Usable as an electrically insulating substrate are, for example, films or sheets of synthetic resin such as polyester, polyethylene, polycarbonate, cellulose acetate, polypropylene, polyvinyl chloride, polyvinylidene chloride, polystyrene, polyamide and the like, and other than these, glass or ceramics. For the electrically insulating substrate, it is desirable that at least one surface thereof be made conductive and the relevant layers are formed on the conductive surface of the substrate.

For example, in the case of glass, its surface may be made conductive by depositing a thin layer of metal such as NiCr, Al, Cr, Mo, Au, Ir, Nb, Ta, V, Ti, Pt, Pd, or a metal oxide such as In2 O3, SnO2, ITO (In2 O3 +SnO2), etc. In the case of synthetic resin film such as polyester film, etc., its surface may be made conductive with a metal such as NiCr, Al, Ag, Pd, An, Ni, Au, Cr, Mo, Ir, Nb, Ta, V, Ti, Pt, etc. by means of vacuum vapor deposition, electron beam vapor deposition, or sputtering. Its surface may also be made conductive by laminating it with one of said metals.

The shape of the substrate may be optionally determined. Examples are drum, belt, plate and suitable like shapes.

The thickness of the substrate is optional, but it is usually not less than 10 microns from the view points of its manufacturing and handling conveniences and its strength.

Substrate 101 may be either transparent or opaque. In the case when substrate 101 is transparent, electroconductive layer 105 may be opaque and the radiation of light is conducted from the side of substrate 101 as shown in FIG. 1(A). In the case when substrate 101 is opaque, electroconductive layer 105 should be of an optically transparent material and the radiation of light is conducted from the side of electroconductive layer 105 as shown in FIG. 1(B).

The p-type semiconductive layer 102 is composed of an amorphous material such as an a-Si (H, X) containing silicon and at least one of hydrogen (H) and halogen atoms (X), and which has been doped with a p-type impurity to be of p-type.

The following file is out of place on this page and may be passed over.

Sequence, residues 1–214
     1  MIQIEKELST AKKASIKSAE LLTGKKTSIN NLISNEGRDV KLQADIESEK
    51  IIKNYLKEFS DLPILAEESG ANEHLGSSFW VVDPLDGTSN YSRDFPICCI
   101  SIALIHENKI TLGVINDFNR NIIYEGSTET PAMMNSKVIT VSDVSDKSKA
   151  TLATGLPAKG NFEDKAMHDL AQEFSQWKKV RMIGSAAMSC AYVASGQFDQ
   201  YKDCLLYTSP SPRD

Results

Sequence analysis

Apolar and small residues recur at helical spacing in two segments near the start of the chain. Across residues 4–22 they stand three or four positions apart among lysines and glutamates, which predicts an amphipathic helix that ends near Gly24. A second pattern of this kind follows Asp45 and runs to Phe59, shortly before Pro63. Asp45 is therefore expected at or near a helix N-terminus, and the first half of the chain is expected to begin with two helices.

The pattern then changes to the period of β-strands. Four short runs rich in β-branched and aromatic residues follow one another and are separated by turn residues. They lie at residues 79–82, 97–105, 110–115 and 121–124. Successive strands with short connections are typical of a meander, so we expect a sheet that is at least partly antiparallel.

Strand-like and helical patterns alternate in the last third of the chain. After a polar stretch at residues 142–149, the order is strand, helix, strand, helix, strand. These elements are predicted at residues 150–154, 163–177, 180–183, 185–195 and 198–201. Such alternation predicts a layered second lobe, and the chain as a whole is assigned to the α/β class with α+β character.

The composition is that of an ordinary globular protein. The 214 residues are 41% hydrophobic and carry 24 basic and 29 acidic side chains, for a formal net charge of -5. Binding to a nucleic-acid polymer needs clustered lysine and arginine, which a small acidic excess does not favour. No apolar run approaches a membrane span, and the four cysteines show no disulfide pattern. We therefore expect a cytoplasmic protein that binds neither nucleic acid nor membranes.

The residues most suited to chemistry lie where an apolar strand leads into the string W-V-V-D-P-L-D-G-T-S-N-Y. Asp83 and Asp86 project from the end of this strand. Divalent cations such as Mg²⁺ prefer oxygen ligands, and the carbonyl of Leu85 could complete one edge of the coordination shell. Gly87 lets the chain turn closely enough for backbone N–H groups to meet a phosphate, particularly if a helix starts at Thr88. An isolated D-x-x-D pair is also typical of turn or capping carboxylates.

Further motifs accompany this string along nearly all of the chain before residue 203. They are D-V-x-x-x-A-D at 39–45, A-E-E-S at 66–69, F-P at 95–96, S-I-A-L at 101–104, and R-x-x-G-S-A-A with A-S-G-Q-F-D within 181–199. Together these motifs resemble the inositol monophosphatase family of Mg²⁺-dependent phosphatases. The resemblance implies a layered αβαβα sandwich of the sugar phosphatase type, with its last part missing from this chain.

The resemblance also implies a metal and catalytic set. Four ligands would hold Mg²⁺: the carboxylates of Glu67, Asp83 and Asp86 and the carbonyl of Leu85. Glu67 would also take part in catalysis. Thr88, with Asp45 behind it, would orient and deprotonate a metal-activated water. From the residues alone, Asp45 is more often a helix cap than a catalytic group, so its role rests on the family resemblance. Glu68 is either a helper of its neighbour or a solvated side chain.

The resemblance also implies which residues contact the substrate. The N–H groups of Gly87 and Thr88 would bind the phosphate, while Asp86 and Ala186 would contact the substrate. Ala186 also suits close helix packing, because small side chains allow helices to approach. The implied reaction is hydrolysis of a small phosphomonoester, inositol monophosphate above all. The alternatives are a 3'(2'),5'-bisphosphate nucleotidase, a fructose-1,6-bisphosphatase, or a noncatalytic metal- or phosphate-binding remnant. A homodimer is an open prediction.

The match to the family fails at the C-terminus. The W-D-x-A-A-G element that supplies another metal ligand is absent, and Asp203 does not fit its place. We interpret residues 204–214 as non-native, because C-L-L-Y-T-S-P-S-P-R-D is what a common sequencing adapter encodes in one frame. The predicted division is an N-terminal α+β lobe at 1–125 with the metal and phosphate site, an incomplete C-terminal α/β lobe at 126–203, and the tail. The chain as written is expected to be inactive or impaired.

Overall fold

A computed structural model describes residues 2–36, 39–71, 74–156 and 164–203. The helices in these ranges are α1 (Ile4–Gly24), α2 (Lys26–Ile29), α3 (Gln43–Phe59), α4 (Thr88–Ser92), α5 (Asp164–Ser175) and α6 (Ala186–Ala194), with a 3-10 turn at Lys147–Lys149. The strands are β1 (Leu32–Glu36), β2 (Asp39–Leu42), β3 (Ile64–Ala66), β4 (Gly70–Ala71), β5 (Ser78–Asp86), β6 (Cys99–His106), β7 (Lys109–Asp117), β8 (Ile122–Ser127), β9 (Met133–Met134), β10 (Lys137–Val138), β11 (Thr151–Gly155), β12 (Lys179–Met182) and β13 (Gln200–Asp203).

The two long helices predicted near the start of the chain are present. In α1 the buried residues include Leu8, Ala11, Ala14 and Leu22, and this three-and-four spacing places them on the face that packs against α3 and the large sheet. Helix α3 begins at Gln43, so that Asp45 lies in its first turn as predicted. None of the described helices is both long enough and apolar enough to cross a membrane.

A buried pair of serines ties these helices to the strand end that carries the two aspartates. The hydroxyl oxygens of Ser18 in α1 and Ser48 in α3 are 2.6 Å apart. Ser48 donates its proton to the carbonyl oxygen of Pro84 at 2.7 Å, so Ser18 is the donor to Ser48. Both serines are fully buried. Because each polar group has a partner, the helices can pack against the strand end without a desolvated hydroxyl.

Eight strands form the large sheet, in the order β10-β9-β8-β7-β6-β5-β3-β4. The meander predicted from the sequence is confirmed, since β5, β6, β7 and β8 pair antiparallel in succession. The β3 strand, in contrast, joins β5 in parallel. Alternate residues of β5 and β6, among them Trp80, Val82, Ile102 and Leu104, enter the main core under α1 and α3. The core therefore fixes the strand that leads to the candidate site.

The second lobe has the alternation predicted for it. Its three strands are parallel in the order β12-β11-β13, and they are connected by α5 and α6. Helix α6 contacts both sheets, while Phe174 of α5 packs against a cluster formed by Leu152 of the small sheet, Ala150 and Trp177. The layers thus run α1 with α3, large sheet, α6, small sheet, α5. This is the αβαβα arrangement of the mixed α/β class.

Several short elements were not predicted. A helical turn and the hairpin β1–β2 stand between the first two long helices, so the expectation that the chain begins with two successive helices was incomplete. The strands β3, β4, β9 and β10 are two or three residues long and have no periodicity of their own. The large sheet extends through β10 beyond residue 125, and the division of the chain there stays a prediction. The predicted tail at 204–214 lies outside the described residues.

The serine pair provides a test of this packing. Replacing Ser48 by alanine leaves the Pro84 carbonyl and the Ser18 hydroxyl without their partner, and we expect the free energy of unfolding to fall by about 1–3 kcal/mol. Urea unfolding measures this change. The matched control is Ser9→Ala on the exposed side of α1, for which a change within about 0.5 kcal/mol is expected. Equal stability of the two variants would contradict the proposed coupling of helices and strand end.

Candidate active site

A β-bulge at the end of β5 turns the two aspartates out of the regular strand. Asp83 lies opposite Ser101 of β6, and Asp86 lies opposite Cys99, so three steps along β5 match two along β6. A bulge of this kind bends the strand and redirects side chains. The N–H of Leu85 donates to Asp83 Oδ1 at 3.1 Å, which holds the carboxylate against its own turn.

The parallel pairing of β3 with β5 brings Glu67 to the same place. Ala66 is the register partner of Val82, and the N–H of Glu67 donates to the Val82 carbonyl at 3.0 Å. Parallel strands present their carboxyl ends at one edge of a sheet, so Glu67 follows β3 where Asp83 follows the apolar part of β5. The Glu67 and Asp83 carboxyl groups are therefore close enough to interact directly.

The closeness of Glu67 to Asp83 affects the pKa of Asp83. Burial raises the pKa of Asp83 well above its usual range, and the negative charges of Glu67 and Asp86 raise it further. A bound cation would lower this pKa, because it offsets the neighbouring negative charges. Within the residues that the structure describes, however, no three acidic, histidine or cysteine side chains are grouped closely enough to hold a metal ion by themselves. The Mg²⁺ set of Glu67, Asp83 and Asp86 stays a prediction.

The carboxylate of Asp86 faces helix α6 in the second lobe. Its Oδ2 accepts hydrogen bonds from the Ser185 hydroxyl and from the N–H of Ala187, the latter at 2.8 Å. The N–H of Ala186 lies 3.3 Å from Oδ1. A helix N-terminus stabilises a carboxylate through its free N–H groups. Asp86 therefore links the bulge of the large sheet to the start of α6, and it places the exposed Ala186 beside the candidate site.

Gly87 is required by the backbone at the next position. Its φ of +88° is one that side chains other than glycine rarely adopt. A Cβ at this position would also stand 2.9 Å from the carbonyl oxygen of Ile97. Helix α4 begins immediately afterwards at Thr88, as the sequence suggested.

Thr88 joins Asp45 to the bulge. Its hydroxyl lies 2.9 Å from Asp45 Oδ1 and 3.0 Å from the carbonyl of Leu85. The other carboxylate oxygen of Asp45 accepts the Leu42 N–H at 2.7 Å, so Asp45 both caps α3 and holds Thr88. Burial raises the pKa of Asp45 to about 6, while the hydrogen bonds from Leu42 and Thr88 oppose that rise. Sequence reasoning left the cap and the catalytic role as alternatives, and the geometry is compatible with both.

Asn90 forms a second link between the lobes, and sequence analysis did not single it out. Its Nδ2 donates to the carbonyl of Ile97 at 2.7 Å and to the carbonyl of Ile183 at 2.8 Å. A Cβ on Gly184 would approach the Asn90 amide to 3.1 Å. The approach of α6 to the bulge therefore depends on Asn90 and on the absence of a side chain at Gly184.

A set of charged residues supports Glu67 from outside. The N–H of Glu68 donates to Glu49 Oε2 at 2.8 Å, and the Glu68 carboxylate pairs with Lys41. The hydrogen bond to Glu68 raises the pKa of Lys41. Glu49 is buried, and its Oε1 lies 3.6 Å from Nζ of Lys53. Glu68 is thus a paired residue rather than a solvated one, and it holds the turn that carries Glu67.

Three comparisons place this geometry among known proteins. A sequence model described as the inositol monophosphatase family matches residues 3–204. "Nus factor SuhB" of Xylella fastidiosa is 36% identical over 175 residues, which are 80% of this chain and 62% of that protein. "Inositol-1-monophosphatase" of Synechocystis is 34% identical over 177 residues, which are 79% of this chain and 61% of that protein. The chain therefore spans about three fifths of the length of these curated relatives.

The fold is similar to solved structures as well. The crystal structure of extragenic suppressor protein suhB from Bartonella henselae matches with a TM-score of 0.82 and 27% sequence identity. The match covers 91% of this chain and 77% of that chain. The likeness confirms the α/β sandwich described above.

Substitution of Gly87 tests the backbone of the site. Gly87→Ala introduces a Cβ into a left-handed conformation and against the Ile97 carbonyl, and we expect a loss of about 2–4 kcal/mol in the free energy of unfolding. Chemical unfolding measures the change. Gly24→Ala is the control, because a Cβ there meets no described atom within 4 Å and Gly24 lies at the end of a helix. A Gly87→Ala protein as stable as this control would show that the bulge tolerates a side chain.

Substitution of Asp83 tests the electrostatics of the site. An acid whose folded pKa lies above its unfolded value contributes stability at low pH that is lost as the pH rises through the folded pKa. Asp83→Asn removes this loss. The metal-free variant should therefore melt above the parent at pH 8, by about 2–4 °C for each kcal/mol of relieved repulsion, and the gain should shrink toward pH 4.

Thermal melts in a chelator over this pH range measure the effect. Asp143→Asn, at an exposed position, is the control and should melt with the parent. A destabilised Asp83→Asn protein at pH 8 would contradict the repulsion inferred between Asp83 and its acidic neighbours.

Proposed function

It is desirable of the p-type semiconductive layer 102 to be band-gap widened so as to exhibit a so-called window-effect by adding a band gap increasing element such as carbon, oxygen, nitrogen, or the like.

As the p-type impurity, there may be used an element of Group III A of the Periodic Table such as B, Al, Ga, In, Tl or the like. Of these p-type impurities, B and Ga are the most appropriate.

The amount of the p-type impurity to be contained in the p-type semiconductive layer 102 may be optionally determined in accordance with its end use, but it may be less than 310-2 atomic %.

The process of doping the p-type semiconductive layer 102 with these impurities may be practiced by introducing a dopant imparting substance in the gaseous state into either the active species generation space or the precursor generation space possibly together with a gaseous substance to generate a precursor or a gaseous stock so as to generate an active species when the layer is being formed.

As a dopant imparting substance capable of incorporating the impurities into the layer, a substance which is in a gaseous state at room temperature or another substance which can be easily made to be in a gaseous state, at least under the layer forming conditions, may be employed.

Usuable as such substance are, for example, BiH3, BF3, BCl3, BBr3, B2 H6, B4 H10, B5 H9, B5 H11, B6 H10, B6 H12, AlCl3, etc.

The formation of the p-type semiconductive layer 102 may be independently carried out; however, it is possible to continuously form the i-type semiconductive layer 103 and the n-type semiconductive layer 105 following the formation of the p-type semiconductive layer 102.